Breguet XIV A2, for sugar beet dusting. 2017. Photo by Karol Placha Hetman
Breguet XIV A2, for sugar beet dusting. 2017. Photo by Karol Placha Hetman

The second attempt was also made over the forests of the Mościn Forest District on July 13, 1925. The Breguet XIV A2 aircraft was piloted by Lieutenant Karol Fiałkowski, a test pilot in CWL. The observer, Stanisław Krajewski, was sitting in the second cabin. The effects of the work were positive. The number of pests has clearly decreased.

In 1927, a decision was made to protect the fields from pests. The task was led by doctor Andrzej Chrzanowski (1884 - 1950), entomologist and phytopathologist, head of the Department of Phytopathology at the Supreme Council of the Polish Sugar Industry. The aim was to protect sugar beet crops from pests. In August 1927, the plantation with an area of ​​25 hectares was dusted. The field belonged to the Michałów sugar factory and the Leszno estate, not far from Błonie. The Breguet XIV A2 aircraft was borrowed from the army. The plane was piloted by Sergeant Władysław Nowak. The operator sat in the second cabin. Sugar beets were attacked by the fungus cercospora beticola. The so-called Scandinavian powder, i.e. a mixture of copper sulphate, burnt lime and coal dust, was used in dusting.

Also in the summer of 1927, the forests near Włocławek were attacked by the pine beetle (dendrolinus pini). The pest attacked around 3,000 hectares of forest, of which over 600 hectares were completely destroyed. The management of the Warsaw State Forests decided to carry out dusting with an anti-pest preparation. The action was carefully prepared and was supposed to be the beginning of standard activities in forest protection. Pollination was carried out on October 24 - 27, 1927, near the village of Kowal, in the Włocławek Forest District.

The scientific side was handled by Dr. Ryszard Błędowski (1886 - 1932), an entomologist, professor of zoology at the Free Polish University in Warsaw. Lieutenant Colonel Aleksander Zdankiewicz (1880 - 1940), head of the Technical Department of the Military Gas Institute, was responsible for the technical side.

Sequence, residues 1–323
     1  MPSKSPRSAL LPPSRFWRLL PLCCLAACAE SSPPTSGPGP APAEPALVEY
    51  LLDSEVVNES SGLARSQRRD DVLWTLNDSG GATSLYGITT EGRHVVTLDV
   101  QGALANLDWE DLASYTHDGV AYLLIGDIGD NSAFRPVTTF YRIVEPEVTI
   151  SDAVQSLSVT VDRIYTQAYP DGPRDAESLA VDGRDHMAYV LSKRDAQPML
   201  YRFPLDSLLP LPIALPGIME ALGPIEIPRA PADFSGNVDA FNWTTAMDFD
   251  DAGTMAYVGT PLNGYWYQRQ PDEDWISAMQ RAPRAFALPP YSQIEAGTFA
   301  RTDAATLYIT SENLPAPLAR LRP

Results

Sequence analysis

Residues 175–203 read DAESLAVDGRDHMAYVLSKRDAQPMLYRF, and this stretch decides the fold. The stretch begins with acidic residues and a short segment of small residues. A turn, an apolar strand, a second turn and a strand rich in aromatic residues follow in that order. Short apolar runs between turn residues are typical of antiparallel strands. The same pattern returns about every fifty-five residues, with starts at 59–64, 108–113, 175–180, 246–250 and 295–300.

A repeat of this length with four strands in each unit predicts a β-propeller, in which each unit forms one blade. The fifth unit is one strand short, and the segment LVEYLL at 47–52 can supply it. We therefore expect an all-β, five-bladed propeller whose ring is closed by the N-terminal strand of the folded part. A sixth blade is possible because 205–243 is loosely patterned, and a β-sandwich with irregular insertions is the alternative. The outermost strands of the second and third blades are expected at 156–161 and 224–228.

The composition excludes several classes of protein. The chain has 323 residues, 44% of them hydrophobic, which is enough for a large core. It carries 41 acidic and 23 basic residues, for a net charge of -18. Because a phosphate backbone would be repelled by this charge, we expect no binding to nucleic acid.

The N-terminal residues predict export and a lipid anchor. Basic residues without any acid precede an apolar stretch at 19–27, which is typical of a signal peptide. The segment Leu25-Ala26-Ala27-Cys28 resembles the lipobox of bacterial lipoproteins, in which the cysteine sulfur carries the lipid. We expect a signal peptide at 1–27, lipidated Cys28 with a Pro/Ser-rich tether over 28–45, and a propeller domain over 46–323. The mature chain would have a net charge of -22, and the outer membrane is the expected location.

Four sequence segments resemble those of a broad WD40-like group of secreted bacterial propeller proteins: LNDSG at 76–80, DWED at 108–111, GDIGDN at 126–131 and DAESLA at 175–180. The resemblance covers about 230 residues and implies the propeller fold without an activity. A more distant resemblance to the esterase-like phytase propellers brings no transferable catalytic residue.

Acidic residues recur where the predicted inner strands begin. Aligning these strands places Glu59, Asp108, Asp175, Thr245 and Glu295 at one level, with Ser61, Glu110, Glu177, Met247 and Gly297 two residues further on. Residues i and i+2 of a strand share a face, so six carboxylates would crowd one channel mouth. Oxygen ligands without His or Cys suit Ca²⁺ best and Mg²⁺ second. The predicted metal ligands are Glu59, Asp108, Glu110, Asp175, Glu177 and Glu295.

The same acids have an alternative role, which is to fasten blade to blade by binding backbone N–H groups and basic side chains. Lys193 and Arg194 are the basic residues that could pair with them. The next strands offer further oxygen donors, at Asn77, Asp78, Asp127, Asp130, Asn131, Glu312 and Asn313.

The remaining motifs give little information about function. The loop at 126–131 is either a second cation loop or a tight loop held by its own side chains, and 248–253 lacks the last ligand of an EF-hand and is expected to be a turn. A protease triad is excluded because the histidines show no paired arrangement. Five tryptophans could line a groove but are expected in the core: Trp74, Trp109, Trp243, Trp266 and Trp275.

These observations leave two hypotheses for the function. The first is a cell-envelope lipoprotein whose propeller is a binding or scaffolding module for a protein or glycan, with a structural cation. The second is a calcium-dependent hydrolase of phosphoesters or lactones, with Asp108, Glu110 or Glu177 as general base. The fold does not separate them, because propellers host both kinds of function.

The Farman F-68 Goliath bomber was selected for the test. The aircraft has a tank for chemicals with a capacity of 650 liters. The pilot was senior sergeant Kazimierz Korczak from the 1st Air Regiment in Warsaw. The operator of the device and the observer was Lieutenant Zygmunt Zborowski, also of the 1st Aviation Regiment in Warsaw. Since the Farman F-68 Goliath aircraft was handed over relatively late, dusting near Włocławek was carried out very late, when the feeding period of the caterpillars was ending. Plus, the weather was bad. Therefore, the test gave unreliable results. In addition, Farman F-68 Goliath aircraft had failed engines. During one of the flights, one engine stopped working and the pilot had to make a forced landing on stubble. The landing resulted in damage to the aircraft's landing gear. Of the planned area of ​​100 hectares, which had to be covered twice, only 43 hectares were covered. Approximately 1,600 kg of insecticide was used.

Farman F-68 Goliath. 2017 year. Photo by Karol Placha Hetman
Farman F-68 Goliath. 2017 year. Photo by Karol Placha Hetman

It is difficult to obtain planes from the military and they have problems with their engines. It decided to stick with ground dusters, which were cheaper to use, more reliable to use at the right time of the year, and above all, they were always available. By 1939, no other trial of dusting forests and farmland had been conducted.

Written by Karol Placha Hetman